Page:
A new strain of bacteria causing a potentially lethal form of meningitis probably first appeared back in 2005 or 2006 among drug users in the Bronx. After disappearing for a while, it recently resurfaced in New York City. There have been over 20 cases–a number that appears to be climbing–and at least 7 deaths. For unknown reasons, the new strain of bacteria has primarily affected gay and bisexual men who have sex with men, regardless of HIV status. The disease spreads from person to person predominantly via intimate contact with bodily fluid; kissing and sexual intercourse are common modes of transmission, but even sneezing and coughing can spread the disease.
New Vaccination Recommendations
In response to this outbreak, and in the hope of limiting its scope, the New York Department of Health (NYDOH) recommends vaccination with the standard meningococcal vaccine for all men who have regular intimate contact with other men met through a website, app, or at a bar or party. The NYDOH also recommends meningitis vaccination for all HIV-positive men who have sex with men. Other communities, including San Francisco, recommend vaccination to men who plan to travel to New York and anticipate intimate contact with other men. These guidelines pertain regardless of any prior history of meningococcal vaccination. The vaccine is highly (albeit not 100 percent) effective, and can substantially reduce one’s risk of contracting the disease after exposure.
What Is Meningitis?
Meningitis is an infection of the tissues lining the brain and spinal cord. It has many causes, some of which are potentially lethal. Bacterial meningitis, particularly when caused by the bacteria meningococcus, and especially when caused by this new strain, can be very dangerous. If you suspect that you may be developing symptoms of meningitis, seek medical attention immediately, as the disease can prove fatal within hours. Go to an emergency room or call 911 if:
- You develop symptoms of meningitis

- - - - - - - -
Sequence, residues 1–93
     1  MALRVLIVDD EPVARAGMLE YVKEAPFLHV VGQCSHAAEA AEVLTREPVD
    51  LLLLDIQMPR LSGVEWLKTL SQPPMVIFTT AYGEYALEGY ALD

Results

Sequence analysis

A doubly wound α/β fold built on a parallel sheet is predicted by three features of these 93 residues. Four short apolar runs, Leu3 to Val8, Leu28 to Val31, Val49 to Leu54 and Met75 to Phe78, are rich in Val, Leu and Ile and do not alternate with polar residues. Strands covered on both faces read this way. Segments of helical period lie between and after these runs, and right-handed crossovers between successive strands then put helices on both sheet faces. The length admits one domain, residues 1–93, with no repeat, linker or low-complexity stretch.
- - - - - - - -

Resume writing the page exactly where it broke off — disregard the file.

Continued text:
- Your symptoms do not improve with treatment
- You have been exposed to meningitis
Onset and Symptoms of Meningitis
Symptoms typically appear quickly after exposure, coming on within 1 to 5 days (and rarely, as long as 10 days), and beginning with fever, headache, confusion, and stiff neck. Other symptoms that may develop include nausea, vomiting, abdominal pain, diarrhea, light sensitivity, fatigue, chills, muscle aches, and a rash of dark purple spots, most commonly appearing on the trunk and legs.
None of these symptoms alone indicates a bacterial meningitis infection, but the sudden appearance of several of them together–particularly fever, stiff neck, headache, altered mental status, and rash–mandate immediate medical attention. The earlier an infected person is treated, the better the chances of a good outcome.
Meningitis Prevention and Treatment
Of course, preventing meningococcal meningitis in the first place is far preferable to treating it. It’s important to note that the vaccine only prevents disease; it doesn’t treat it. The NYDOH recommends a single dose of meningococcal vaccine (Menactra or Menveo) for people at risk; in addition, people with HIV should receive 2 doses 8 to 12 weeks apart. Because the potency of the immune response elicited by a vaccine wanes over time, revaccination is recommended every 5 years for individuals who continue high-risk behavior.
Treatment for meningococcal meningitis includes supportive care (e.g., IV fluids, blood pressure support, and respiratory support), usually in an intensive care setting, and intravenous antibiotics. Because it can take a while to identify the organism causing meningitis, antibiotics are the treatment of choice, as they address the most likely and dangerous pathogens, and can then be tailored to the specific organism once it has been identified. High doses of steroids may be part of the treatment course as well, as they have been shown to improve the patient’s neurologic outcome.
Finally, if you have been in close contact with a person who has meningococcal meningitis, you should get prophylactic doses of an antibiotic to reduce your risk of contracting the disease. Close contact applies to anyone living in the same household as the person with meningitis, or anyone else who may have come in contact with that person’s secretions, such as a partner or health care provider.